The Screening Role of Covenant Heterogeneity

59 Pages Posted: 30 Oct 2015 Last revised: 13 Apr 2019

See all articles by Chris Armstrong

Chris Armstrong

University of Pennsylvania - Accounting Department

Carlo Maria Gallimberti

Boston College

David Tsui

University of Southern California - Marshall School of Business

Date Written: March 31, 2019

Abstract

We show that the mix of financial covenants included in debt contracts is informative about borrowers’ future risk-taking. Borrowers with a greater proportion of input-based covenants that restrict the amount, but not the riskiness, of investment make riskier future investments. Conversely, borrowers with a greater proportion of output-based covenants that depend on investment outcomes invest in safer projects. We find that these differential relations arise primarily because the mix of financial covenants reflects borrowers’ pre-contractual risk-taking intentions and, consequently, variation in covenant mix can help lenders mitigate adverse selection when contracting with borrowers. Collectively, our findings provide new insight into the nature and purpose of the observed heterogeneity in debt covenants.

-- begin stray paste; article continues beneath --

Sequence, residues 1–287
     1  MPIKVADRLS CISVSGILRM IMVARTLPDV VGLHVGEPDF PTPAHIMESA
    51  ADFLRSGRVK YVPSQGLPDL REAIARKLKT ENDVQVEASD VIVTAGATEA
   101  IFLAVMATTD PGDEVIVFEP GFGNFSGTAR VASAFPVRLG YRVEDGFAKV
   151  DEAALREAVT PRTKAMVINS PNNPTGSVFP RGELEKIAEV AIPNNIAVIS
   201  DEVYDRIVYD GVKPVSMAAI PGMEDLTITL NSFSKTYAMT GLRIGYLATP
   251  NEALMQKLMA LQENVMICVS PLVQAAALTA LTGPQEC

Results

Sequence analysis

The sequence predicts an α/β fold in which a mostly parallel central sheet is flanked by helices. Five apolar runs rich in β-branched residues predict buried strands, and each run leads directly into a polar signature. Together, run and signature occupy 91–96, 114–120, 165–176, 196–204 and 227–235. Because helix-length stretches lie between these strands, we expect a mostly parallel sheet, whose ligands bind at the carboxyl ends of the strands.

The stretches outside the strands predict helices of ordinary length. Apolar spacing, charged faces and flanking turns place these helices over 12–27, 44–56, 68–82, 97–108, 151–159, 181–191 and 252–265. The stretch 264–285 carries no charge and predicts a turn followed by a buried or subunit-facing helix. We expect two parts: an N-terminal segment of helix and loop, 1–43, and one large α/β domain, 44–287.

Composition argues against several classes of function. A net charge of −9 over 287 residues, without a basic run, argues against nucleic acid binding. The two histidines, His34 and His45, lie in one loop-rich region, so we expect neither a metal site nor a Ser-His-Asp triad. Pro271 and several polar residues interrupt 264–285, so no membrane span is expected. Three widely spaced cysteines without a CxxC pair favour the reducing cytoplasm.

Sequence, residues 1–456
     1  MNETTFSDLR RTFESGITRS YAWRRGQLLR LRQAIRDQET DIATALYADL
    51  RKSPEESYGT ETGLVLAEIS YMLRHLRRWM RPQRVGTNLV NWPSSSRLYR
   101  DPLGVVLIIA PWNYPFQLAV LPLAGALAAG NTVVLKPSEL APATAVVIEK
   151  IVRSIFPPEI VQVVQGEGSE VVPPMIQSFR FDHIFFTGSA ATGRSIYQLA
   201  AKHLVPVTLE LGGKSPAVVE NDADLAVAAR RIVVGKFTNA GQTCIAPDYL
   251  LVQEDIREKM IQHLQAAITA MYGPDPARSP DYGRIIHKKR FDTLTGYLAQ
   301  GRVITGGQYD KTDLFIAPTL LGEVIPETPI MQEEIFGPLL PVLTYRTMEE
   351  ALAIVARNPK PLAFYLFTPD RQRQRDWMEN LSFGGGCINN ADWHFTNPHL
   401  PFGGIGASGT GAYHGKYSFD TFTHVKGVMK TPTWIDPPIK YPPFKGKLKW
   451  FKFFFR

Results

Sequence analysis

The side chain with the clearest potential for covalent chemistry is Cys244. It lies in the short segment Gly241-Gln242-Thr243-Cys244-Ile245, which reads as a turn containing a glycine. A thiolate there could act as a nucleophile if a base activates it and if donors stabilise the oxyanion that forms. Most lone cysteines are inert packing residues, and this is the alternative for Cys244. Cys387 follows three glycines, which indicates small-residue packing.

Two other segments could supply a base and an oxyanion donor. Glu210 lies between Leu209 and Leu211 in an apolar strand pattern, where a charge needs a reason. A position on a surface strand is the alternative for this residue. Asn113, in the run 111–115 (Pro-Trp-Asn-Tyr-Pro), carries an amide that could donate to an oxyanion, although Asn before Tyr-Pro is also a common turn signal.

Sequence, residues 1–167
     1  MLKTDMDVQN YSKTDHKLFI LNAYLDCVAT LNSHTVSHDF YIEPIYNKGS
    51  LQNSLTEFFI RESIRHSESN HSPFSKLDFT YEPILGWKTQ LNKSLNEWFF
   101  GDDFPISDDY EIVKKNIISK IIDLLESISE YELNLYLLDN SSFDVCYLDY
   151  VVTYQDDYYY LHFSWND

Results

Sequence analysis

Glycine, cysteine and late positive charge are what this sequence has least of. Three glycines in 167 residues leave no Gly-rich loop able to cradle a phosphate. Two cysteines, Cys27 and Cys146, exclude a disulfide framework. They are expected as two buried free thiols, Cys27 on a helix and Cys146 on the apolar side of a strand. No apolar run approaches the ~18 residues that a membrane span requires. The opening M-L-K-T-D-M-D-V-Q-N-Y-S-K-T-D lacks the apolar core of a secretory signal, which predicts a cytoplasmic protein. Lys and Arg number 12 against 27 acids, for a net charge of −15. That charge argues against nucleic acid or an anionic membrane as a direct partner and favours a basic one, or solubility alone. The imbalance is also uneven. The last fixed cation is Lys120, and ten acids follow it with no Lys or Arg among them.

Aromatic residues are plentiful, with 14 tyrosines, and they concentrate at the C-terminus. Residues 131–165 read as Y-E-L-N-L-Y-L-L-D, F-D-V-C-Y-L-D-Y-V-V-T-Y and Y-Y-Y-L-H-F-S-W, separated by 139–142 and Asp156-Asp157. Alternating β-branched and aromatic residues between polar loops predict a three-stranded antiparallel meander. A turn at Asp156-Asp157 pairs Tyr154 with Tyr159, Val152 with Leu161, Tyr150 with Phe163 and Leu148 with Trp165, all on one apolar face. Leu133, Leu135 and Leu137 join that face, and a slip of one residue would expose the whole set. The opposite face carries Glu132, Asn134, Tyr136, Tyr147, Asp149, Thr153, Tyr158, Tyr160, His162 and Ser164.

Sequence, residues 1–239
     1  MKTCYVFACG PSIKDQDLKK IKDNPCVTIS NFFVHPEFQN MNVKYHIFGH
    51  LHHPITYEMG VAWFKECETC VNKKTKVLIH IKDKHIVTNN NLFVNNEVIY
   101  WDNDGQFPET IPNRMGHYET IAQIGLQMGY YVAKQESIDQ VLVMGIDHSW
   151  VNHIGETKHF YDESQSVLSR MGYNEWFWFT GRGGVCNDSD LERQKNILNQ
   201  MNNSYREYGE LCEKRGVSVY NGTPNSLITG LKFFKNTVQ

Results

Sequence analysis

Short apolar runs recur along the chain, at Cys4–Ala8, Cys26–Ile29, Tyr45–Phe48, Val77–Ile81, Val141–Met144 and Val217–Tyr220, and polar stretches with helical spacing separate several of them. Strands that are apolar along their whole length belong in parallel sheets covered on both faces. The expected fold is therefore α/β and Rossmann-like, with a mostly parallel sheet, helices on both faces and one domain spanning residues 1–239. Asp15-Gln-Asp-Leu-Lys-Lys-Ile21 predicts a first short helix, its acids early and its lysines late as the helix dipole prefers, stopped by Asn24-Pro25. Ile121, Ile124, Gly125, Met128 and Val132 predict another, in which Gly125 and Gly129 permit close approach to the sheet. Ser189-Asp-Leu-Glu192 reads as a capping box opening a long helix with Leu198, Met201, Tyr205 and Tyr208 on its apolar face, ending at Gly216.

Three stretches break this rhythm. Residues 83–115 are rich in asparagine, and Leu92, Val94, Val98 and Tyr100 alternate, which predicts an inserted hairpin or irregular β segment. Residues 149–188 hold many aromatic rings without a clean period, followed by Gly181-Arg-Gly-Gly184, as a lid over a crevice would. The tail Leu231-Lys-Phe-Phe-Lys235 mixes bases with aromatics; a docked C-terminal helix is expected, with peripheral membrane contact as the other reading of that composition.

Keywords: risk-taking incentives; debt contracting; debt covenants; covenant violations; agency conflicts; risk shifting; moral hazard; adverse selection; screening; credit spreads

JEL Classification: G21, G32, G34

Suggested Citation

Armstrong, Chris S. and Gallimberti, Carlo Maria and Tsui, David, The Screening Role of Covenant Heterogeneity (March 31, 2019). Available at SSRN: https://ssrn.com/abstract=2681930 or http://dx.doi.org/10.2139/ssrn.2681930

Chris S. Armstrong (Contact Author)

University of Pennsylvania - Accounting Department ( email )

3641 Locust Walk
Philadelphia, PA 19104-6365
United States

Carlo Maria Gallimberti

Boston College ( email )

140 Commonwealth Avenue
Chestnut Hill, MA 02467
United States

David Tsui

University of Southern California - Marshall School of Business ( email )

3660 Trousdale Parkway
Los Angeles, CA 90089
United States

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